Innovations in motor and cognitive rehabilitation using new technologies
Research and development work here has been geared to knowledge translation in the field of neurorehabilitation, both in children and adults. We have developed two innovative virtual-reality based solutions – Elements and Resonance – for rehabilitation in children with neurodevelopmental disorders and in adults with brain injury. These systems have been developed in R&D laboratories at RMIT and ACU, including usability studies. Our evaluation of both systems is ongoing in the field with our clinical collaborators at the Epworth Hospital (Melbourne), Prince of Wales Hospital (Sydney), the Maartenskliniek in Nijmegen The Netherlands, and the Evelina Hospital in London.
Project Team: Professor Peter Wilson, Professor David Shum (Griffith University), Professor Patrick Thomas (Griffith University), Dr. Nick Mumford (ACU), Dr. Karen Caeyenberghs (ACU) and Dr. Jonathan Duckworth (RMIT).
Acquired brain injury (ABI) is a serious and costly health issue, resistant to therapy. In the RESONANCE project, we have designed and developed a cooperative interactive digital artwork that targets movement rehabilitation for patients with an ABI. Resonance builds on the idea of arts/science collaboration which is one of the driving strengths of our work. Using a suite of interactive environments, this system encourages collaboration, cooperation and competition via use of tangible user interfaces (TUIs). It has the potential to help clients develop both motor competencies at an activity level, and participation in a social and creative context. Although relatively new, the system has been exhibited at the Sonar music/arts festival in Barcelona this year. Visit Sonar website (New Window). It has also been used as a composition piece in a performance at the Melbourne International Arts Festival. Visit Melbourne International Arts Festival website (New Window). So keep an eye out for papers and exhibitions on Resonance in the near future, as we’ve already begun the initial trials with the system.
Project Team: Professor Peter Wilson, Professor Bert Steenberge, Professor Dido Green, Professor Karen Caeyenberghs, Dr. Gavin Williams, Dr. Jonathan Duckworth, Dr. David Shum and Dr. Nick Mumford.
This project explores and evaluates the efficacy of new VR-based rehabilitation systems for upper-limb function in adults and children. We focus on three main issues: (i) the view that overlapping issues of motor control and cognition in CP and severe DCD will be amenable to VR therapy (Elements system, pictured) and use of augmented feedback, specifically; (ii) extension of VR therapy using the Elements system from TBI to adult stroke, and (iii) evaluation of a co-located virtual system (called Resonance) for rehabilitation of Acquired Brain Injury in adults. We have deployed the Elements system over multiple sites, and have secured critical ethics approval at the Prince of Wales Hospital in Sydney and with the NHS in the UK. Data collection will be ongoing in 2015 and 2016. A successful usability study has been completed on the Resonance system in collaboration with our clinical collaborators at the Epworth Hospital in Melbourne, and a multiple case study in 2015. A group comparison will be completed in 2016.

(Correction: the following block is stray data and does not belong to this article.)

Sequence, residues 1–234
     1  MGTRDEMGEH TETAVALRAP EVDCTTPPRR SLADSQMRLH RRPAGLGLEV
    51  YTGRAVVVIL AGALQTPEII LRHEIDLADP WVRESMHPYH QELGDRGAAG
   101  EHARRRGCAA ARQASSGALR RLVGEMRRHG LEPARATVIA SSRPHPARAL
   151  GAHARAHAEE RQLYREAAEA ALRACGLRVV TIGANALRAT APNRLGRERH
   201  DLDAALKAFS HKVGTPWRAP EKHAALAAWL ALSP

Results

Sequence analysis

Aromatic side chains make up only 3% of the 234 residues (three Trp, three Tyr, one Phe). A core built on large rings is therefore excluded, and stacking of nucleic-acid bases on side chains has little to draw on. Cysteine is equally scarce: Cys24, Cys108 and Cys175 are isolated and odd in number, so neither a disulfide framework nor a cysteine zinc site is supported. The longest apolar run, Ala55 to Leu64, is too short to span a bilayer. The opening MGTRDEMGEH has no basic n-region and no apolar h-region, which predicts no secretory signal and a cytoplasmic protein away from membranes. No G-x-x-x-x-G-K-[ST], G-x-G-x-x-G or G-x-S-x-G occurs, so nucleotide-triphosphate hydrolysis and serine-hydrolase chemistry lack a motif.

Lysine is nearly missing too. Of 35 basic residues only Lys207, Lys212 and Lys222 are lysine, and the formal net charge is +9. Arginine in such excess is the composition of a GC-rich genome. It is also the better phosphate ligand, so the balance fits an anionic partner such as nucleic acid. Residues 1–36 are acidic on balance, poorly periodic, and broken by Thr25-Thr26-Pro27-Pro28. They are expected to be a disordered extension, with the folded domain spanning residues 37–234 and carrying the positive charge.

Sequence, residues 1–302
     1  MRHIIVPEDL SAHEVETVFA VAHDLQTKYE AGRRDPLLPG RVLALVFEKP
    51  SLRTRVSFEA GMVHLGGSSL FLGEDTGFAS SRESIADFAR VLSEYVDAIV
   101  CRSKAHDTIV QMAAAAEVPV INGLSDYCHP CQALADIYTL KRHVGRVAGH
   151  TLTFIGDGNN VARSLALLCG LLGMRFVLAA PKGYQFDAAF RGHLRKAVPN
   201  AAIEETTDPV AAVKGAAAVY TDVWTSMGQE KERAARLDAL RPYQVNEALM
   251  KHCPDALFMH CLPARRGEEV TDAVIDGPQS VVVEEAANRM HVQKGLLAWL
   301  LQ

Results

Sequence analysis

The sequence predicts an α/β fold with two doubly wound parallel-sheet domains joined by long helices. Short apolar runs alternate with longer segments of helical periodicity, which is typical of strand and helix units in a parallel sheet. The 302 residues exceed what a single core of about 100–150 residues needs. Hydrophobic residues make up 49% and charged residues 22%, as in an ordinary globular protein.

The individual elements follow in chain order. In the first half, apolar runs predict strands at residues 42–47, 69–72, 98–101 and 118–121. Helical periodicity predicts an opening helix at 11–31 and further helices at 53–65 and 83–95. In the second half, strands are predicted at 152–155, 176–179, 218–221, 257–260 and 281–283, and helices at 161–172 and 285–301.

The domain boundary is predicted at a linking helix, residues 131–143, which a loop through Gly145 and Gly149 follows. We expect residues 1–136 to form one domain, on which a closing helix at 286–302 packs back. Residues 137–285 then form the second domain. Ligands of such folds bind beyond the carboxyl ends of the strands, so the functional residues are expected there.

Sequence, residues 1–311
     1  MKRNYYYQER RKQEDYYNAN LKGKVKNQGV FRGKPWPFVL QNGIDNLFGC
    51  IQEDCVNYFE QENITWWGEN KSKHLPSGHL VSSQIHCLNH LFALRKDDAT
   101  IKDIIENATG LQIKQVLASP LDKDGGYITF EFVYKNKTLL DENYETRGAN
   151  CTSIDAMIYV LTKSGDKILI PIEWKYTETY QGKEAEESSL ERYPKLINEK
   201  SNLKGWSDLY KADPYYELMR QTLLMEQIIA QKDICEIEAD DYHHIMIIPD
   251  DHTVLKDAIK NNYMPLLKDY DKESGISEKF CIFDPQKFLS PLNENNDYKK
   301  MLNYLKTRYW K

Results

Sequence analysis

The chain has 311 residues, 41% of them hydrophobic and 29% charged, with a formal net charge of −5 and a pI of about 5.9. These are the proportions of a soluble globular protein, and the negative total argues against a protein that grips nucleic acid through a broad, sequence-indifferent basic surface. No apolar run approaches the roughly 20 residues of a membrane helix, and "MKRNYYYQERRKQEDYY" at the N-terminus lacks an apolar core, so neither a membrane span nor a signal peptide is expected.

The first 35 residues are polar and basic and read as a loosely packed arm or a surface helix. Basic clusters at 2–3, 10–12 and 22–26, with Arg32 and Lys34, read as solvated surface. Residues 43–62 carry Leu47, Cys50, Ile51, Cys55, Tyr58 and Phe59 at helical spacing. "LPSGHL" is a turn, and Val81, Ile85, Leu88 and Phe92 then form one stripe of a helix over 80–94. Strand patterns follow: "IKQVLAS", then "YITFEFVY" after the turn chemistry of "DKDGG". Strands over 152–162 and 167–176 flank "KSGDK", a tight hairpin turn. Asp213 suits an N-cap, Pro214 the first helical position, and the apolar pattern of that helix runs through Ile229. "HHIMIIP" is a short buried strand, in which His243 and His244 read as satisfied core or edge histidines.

VR-augmented Rehabilitation of Motor and Cognitive Function
Mild Cerebral Palsy (CP) / Severe DCD spectrum in children – Elements system CI-Wilson (Melb.), CI-Steenbergen (Netherlands), CI-Green (UK)
ABI (Adult Stroke) – Elements system CI-Wilson, LI-Rogers (ACU, Sydney) and Aminov (ACU)
ABI (Stroke and TBI) – Co-located Resonance system CI-Wilson, CI-Shum (Griffith), CI-Thomas (Griffith), CI-Duckworth (RMIT), CI-Williams, CI-Mumford
Project Team: Professor Karen Caeyenberghs and Professor Peter Wilson
The ability to hold information, and divide, switch and sustain attention are cognitive processes frequently impaired in traumatic brain injury (TBI). Our previous studies on TBI have shown that impairments in cognitive control are accompanied by disrupted neural connectivity characterized by white matter damage. In the present project, we will investigate whether a multidimensional training program (BrainGames) can improve cognitive functioning. BrainGames includes eight different games using IPad technology, addressing the wide array of cognitive deficits of TBI, including sustained, selective and divided attention, inhibitory control, verbal and visuo-spatial working memory and updating. Each game has adaptive levels of difficulty, whereby task difficulty is increased as performance improves. We will use state-of-the art white matter mapping techniques, to follow-up in vivo and noninvasively, dynamic structural changes in white matter tracts induced by a cognitive training program in patients with TBI. This approach promises to realize the full potential of tractometry to identify unique neuroimaging biomarkers as a clinically meaningful measure of the effect of cognitive therapy. Finally, our collaborative work in Belgium will also investigate the biological correlates of the white matter changes observed in the patients by means of an animal model of TBI with a similar long-term cognitive training protocol. The reconstructions of the white matter tracts in the human TBI project will be directly validated with histological analyses in the animal model of TBI and will offer opportunities to study neuroplasticity at different scales.